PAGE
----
You are viewing a read-only archive of the Blogs.Harvard network. Learn more.
Skip to content

Handheld fingerprint readers and the British surveillance state

Hundreds of years ago, with the passage of the Magna Carta, Great Britain took a bold step in outlining basic civil liberties for the common man. Unfortunately, over the past few years, the UK has switched from being a basic rights trend-setter, to a surveillance innovator. What ever happened?

Last year, a troubling new law came into effect which makes it a criminal offense to refuse to hand over one’s encryption key to law¬† enforcement engaged in a ‘legitimate’ investigation. This was tested out in court a couple weeks ago, and unfortunately, the right to privacy lost. As Ars Technica described:

The Court stated that although there was a right to not self-incriminate, this was not absolute, and that the “public interest” can supersede this right in some circumstances.fd

Just last week, the British government floated a proposal to require that a passport be shown in order to purchase a mobile phone or SIM card. After all, whats the point in spending all that money recording calls and real-time location information if you can’t be sure who is speaking on the other end of the line.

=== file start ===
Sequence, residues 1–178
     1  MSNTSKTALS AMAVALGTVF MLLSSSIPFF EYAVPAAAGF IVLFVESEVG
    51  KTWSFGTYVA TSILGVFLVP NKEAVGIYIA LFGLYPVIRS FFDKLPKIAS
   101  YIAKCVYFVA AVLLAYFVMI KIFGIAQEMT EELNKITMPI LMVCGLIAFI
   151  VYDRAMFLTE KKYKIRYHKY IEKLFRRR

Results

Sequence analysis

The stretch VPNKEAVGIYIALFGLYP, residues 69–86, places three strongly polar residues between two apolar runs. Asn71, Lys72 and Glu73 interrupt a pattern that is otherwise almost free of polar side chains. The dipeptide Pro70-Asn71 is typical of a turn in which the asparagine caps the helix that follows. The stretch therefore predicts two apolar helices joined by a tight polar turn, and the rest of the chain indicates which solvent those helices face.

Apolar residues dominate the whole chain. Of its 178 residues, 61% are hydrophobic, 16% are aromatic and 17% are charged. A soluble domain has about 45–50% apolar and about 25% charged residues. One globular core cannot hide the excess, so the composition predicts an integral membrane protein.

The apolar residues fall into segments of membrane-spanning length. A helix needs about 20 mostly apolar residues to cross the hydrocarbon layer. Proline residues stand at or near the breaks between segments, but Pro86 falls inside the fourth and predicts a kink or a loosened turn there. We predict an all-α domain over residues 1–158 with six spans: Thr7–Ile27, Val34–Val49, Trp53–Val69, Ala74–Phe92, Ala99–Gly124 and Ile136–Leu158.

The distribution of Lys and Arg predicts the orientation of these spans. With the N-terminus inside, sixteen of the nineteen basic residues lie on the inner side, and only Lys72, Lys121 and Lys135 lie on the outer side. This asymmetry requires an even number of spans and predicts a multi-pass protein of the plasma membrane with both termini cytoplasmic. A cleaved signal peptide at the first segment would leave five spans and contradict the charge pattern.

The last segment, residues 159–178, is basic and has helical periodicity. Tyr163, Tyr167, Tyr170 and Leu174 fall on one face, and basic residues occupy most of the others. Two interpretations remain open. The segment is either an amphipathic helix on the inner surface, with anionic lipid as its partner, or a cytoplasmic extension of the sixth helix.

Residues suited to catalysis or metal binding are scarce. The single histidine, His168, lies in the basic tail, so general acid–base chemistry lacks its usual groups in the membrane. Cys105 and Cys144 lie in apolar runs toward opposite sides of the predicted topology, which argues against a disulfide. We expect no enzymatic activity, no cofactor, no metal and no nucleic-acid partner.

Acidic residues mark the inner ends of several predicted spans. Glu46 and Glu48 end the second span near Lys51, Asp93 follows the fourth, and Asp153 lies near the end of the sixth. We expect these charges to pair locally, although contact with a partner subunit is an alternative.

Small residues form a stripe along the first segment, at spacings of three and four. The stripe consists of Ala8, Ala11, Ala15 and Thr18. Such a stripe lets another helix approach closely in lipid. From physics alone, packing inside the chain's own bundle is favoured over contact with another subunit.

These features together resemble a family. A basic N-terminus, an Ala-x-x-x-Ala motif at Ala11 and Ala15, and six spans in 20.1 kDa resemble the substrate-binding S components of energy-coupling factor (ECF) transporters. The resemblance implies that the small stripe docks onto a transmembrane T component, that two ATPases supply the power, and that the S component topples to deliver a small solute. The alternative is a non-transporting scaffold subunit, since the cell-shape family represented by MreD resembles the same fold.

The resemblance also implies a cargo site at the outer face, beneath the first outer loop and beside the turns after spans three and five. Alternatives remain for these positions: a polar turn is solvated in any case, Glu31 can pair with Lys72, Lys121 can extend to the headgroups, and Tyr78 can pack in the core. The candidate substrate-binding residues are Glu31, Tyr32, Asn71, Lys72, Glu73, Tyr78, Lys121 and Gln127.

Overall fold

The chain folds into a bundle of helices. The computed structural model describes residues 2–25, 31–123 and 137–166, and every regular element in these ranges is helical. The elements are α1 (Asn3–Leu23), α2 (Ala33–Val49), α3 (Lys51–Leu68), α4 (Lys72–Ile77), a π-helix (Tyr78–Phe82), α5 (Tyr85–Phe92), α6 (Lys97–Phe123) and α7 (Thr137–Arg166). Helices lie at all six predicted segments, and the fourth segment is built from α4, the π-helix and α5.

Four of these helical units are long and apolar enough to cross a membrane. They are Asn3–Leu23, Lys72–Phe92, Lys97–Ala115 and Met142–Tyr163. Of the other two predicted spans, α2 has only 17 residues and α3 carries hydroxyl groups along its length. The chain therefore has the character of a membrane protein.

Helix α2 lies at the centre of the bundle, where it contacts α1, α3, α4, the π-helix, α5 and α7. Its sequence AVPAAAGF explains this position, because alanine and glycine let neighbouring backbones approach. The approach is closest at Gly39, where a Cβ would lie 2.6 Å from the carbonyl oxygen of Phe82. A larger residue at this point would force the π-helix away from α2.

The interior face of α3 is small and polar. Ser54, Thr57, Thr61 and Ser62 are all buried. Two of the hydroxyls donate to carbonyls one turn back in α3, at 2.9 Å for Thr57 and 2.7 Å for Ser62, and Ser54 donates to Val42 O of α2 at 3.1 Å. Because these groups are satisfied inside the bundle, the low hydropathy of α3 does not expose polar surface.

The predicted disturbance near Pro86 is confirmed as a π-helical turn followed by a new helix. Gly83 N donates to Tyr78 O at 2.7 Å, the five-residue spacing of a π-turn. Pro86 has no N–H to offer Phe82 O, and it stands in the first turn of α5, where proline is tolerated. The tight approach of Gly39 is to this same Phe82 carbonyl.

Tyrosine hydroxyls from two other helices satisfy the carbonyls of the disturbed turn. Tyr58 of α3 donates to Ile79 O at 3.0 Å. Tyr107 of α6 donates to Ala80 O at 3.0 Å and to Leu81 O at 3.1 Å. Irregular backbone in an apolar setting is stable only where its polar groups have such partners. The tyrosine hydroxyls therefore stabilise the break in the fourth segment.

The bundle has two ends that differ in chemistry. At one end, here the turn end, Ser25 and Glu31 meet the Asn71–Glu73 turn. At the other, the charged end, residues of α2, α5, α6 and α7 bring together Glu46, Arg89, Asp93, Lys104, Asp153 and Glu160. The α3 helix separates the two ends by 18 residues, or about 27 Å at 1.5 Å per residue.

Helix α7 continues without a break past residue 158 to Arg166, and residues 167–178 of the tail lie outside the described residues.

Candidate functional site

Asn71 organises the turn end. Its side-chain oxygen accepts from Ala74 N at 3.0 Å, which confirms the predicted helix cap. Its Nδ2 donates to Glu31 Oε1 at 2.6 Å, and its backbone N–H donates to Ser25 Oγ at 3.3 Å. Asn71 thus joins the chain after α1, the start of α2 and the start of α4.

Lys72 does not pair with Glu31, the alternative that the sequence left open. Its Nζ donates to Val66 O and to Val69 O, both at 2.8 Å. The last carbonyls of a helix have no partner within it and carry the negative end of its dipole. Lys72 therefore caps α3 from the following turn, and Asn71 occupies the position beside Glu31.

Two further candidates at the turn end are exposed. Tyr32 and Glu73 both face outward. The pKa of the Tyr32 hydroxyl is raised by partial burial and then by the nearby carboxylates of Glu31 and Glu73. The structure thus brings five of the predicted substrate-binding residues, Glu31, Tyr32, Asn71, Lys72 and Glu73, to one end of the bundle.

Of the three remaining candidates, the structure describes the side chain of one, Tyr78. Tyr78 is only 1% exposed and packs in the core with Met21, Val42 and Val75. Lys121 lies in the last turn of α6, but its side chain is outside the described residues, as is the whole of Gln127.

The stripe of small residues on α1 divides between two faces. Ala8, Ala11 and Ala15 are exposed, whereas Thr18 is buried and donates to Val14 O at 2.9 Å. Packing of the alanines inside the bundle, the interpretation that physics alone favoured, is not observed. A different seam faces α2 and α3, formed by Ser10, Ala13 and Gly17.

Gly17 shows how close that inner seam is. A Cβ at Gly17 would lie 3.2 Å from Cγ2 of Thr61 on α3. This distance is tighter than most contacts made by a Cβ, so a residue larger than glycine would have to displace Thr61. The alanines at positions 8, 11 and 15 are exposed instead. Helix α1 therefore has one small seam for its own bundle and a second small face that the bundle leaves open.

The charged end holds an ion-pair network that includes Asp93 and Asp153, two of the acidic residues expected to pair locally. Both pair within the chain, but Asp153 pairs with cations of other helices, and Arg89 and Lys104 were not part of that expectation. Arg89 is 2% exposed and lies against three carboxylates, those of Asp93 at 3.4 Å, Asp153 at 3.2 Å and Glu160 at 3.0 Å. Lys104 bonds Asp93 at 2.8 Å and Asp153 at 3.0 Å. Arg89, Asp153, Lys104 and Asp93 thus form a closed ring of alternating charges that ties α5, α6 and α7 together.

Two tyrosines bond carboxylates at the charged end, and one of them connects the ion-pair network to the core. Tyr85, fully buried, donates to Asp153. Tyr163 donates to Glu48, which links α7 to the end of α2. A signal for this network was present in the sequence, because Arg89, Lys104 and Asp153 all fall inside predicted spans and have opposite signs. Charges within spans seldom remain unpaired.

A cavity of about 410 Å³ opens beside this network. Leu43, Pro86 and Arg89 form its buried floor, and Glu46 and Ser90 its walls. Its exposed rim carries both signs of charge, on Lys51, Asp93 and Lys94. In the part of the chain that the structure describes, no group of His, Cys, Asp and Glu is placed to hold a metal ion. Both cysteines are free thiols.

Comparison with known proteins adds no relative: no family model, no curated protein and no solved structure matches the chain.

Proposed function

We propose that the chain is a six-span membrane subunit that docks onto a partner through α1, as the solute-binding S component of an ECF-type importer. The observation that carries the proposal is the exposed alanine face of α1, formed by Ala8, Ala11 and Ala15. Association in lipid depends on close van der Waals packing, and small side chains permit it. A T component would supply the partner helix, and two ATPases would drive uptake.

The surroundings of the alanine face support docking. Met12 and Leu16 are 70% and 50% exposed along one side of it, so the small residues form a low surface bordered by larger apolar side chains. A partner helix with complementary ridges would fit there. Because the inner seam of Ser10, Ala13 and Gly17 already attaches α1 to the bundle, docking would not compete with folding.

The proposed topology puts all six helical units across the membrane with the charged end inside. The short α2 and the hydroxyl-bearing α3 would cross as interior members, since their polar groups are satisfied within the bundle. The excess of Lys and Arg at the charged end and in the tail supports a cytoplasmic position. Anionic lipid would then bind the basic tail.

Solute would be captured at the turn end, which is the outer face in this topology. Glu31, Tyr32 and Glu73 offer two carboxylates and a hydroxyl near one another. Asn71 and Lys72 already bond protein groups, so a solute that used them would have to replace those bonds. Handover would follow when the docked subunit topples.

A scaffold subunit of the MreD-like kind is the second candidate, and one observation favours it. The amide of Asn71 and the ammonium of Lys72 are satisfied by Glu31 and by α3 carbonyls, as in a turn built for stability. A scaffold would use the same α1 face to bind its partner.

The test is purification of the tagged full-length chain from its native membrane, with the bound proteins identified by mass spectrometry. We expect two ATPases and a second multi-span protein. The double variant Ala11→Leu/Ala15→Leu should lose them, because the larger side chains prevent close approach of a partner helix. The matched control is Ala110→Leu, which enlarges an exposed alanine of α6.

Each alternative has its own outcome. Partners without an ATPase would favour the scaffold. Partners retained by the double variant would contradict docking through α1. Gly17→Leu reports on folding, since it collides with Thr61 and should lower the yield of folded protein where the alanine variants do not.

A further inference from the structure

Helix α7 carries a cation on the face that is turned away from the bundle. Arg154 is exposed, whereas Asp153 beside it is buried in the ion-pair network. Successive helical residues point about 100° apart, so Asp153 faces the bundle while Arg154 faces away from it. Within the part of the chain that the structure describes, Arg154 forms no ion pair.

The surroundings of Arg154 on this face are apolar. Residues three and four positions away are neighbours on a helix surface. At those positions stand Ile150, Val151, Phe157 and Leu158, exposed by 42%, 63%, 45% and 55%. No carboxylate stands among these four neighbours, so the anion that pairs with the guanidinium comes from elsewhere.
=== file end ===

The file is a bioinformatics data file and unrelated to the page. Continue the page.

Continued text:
Finally, the latest nail in the privacy coffin has been announced: Starting in 2009, British police will be issued hand-held fingerprint readers, connected to a central server via a wireless/cellular connection. Given the existing (and troubling) powers that police have to arbitrarily stop and question people in the street due to “terrorism” concerns, this’ll allow them to immediately determine someone’s identity on the spot, with or without a national ID card.

Thankfully, it isn’t yet a crime to not have working fingerprints. Thus, it’s quite quite easy to imagine the privacy-aware crowd turning to acid, glue or other techniques to erase the ridges and swirls from their own fingertips.

{ 2 } Comments